The Giglio Feast: History, fun facts, and what to expect at this year’s celebration in Brooklyn

Posted On Wed, July 7, 2021 By

Posted On Wed, July 7, 2021 By In Events, Features, History, Williamsburg

Photo by Howard Brier on Flickr

Revelers will once again gather in Williamsburg this week for a festival full of food, dancing, and live music. The Our Lady of Mount Carmel and San Paolino di Nola Feast is based on a tradition that got its start in Italy over 1,000 years ago, with its centerpiece a four-ton 72-foot tower. As part of the neighborhood’s nearly two-week feast, the tall, ornately decorated structure, known as the “Giglio,” is carried through the streets by over 100 men. The Giglio Feast–which officially returns Wednesday after last year’s event was canceled–has been held in Williamsburg every July since 1903, nearly two decades before the better-known Feast of San Gennaro was celebrated in Manhattan’s Little Italy. Ahead, learn about the roots of the unique festival, how it’s evolved over the last 118 years, and what to expect this year.


Via Wikimedia

During the 1880s, immigrants from southern Italy, specifically from the town of Nola, landed in Brooklyn. Hoping to keep the tradition of their native country alive, members of the Italian community in Brooklyn made the Giglio feast an annual event.

The feast celebrates the return of San Paolino di Nola, the town’s Catholic hero. As legend has it, in 410 AD North African pirates took over the town of Nola and abducted young men as slaves. After meeting a widow who lost her son to the pirates, Bishop Paolino went in the boy’s place. After a Turkish sultan learned about Paolino’s selfless act, he freed him and allowed the bishop to return home to Nola.

Upon his return, the town greeted Bishop Paolino with lilies (Gigli in Italian), which are symbols of love. According to Our Lady of Mount Carmel, this homecoming became the first observance of “what would develop into an annual sacred event.” Each year following, there was a competition among tradesmen over who could create the best and biggest display of lilies.

Eventually, the competition evolved to include wooden steeples with decorated lilies. Since the 1960s, the tower has been made of metal, with papier-mache carvings of angels and flowers, with San Paolino on top. The structure is supported by four metal legs. The platform features seven poles that stick out evenly from beneath the platform on each side, allowing for 100 men to lift the Giglio.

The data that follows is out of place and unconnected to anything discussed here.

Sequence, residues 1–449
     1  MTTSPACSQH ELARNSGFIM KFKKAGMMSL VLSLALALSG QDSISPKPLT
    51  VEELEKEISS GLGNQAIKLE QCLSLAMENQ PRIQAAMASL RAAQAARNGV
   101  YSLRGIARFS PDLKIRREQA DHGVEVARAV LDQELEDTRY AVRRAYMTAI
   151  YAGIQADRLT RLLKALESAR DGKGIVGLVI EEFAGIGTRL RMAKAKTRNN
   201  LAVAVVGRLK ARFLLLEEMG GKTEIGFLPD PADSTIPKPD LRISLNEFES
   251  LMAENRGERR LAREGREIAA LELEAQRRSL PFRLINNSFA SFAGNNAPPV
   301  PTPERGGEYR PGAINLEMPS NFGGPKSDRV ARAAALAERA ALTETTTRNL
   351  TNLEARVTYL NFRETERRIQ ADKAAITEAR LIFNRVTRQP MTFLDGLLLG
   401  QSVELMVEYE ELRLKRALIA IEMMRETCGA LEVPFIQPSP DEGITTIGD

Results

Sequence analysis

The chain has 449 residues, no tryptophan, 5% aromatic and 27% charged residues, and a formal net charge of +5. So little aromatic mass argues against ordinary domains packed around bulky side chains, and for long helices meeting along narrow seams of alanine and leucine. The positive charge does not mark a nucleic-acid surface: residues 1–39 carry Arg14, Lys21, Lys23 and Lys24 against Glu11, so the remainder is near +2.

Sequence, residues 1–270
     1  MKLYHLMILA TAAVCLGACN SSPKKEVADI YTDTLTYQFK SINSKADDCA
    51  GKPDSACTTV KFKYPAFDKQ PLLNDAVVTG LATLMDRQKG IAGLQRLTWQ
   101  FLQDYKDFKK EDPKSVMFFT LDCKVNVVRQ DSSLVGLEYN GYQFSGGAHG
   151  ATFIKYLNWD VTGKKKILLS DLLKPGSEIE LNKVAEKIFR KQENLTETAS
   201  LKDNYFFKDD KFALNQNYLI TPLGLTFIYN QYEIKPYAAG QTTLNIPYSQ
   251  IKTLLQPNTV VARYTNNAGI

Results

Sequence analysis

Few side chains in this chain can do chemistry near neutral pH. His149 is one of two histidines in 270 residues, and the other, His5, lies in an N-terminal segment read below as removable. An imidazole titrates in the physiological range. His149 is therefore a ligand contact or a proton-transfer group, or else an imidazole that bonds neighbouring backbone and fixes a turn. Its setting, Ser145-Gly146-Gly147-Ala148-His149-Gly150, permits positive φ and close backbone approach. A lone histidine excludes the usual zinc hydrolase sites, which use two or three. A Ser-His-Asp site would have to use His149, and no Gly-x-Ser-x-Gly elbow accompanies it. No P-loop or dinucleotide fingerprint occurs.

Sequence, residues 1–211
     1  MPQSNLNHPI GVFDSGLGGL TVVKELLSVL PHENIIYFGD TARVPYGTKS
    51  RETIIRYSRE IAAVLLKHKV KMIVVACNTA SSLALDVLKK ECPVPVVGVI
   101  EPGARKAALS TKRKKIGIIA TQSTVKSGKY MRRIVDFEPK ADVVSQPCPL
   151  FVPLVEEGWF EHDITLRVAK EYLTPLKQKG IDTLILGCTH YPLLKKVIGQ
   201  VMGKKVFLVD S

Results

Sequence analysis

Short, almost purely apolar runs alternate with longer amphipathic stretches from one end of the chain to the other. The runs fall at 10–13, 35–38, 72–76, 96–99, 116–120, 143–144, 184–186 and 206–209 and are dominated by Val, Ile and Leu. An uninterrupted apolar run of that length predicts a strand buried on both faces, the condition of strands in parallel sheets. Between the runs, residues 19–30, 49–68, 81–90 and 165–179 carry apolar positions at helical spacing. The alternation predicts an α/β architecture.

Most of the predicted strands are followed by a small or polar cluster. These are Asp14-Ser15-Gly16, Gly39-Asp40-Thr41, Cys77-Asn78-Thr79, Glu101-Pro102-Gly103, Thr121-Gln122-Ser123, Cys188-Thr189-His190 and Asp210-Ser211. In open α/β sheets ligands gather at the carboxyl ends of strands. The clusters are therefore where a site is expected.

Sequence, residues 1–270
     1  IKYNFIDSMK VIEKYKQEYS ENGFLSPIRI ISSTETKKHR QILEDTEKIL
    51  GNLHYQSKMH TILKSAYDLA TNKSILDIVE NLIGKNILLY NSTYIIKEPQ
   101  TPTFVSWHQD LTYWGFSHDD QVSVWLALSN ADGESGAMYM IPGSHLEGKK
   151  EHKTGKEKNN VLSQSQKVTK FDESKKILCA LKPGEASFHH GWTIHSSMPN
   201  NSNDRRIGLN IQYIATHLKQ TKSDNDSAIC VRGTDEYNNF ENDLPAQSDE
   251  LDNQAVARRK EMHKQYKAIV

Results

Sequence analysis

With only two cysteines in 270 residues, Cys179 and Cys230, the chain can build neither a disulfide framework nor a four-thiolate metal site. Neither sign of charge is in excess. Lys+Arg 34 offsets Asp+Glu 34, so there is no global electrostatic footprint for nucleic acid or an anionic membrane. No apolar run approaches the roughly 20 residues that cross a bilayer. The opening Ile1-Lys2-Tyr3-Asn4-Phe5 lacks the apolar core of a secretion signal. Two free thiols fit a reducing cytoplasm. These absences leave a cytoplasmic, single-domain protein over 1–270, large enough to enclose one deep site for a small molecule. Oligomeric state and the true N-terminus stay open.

Despite never being a religious event, the church of Our Lady of Mount Carmel took over the feast during the 1950s and combined it with the event honoring Our Lady of Mount Carmel. The Giglio Feast is celebrated for 12 days in July and leads to the Our Lady of Mount Carmel feast on the 16th.


Photo by ClatieK on Flickr

During the nearly 12-day event, Williamsburg transforms into a mini Italian villa, with live music, vendors, and games. Throughout the celebration, there are three different lifts: Giglio Sunday, the Night Lift of the Giglio, and Old Timers’ Day.

The lifts involve over 100 men, known as the paranzas, carrying the four-ton tower on poles and walking through the streets of Williamsburg with it. The multi-story structure also has a platform with an entire 12-piece brass band on top playing O’ Giglio’e Paradiso again and again.


2019 Giglio Feast; Photo © 6sqft

For the 2019 event, the church had to find outside volunteers to be paranzas for the first time. As the Wall Street Journal reported, the neighborhood, which has rapidly gentrified in the last two decades, is no longer the Italian enclave it was once. The organizers launched a campaign to recruit strong lifters, going to Italian-American organizations and nearby fitness centers.

“They don’t have to be Italian,” Anthony “Nooche” Pennolino told the WSJ. “You can get a fireman or a cop who’s maybe Irish or Polish and they’re engaged with their faith.”

Even if the Italian population is dwindling in Williamsburg, those in the community who have moved away often return for the feast, which offers carnival rides, games, and lots of Italian sausages and powdered zeppoles.

On July 11, Giglio Sunday gets started with an 11:30 a.m. mass followed by the event’s first lift at 1:30 p.m. The second lift is on Wednesday, July 14 at 7:30 p.m., with the Old Timers’ Day lift at 3 p.m. on July 18. Get the full schedule for festivities, happening at 275 North 8th Street and Havemeyer Street, here.


Giglio tower being carried by the Giglio Society of East Harlem via Wikimedia

Similar celebrations have popped up across New York City, including in East Harlem and Arthur Ave in the Bronx. On August 8, the Giglio Society of East Harlem is hosting its annual feast on Pleasant Avenue, which in the past has included four days of festivities, including sausage and peppers eating contest, live music, and the lift and dancing of the Giglio di Sant Antonio, honoring their patron Saint Anthony of Padua.

Editor’s note: The original version of this story was published on July 12, 2019, and has since been updated. 

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Neighborhoods : Williamsburg

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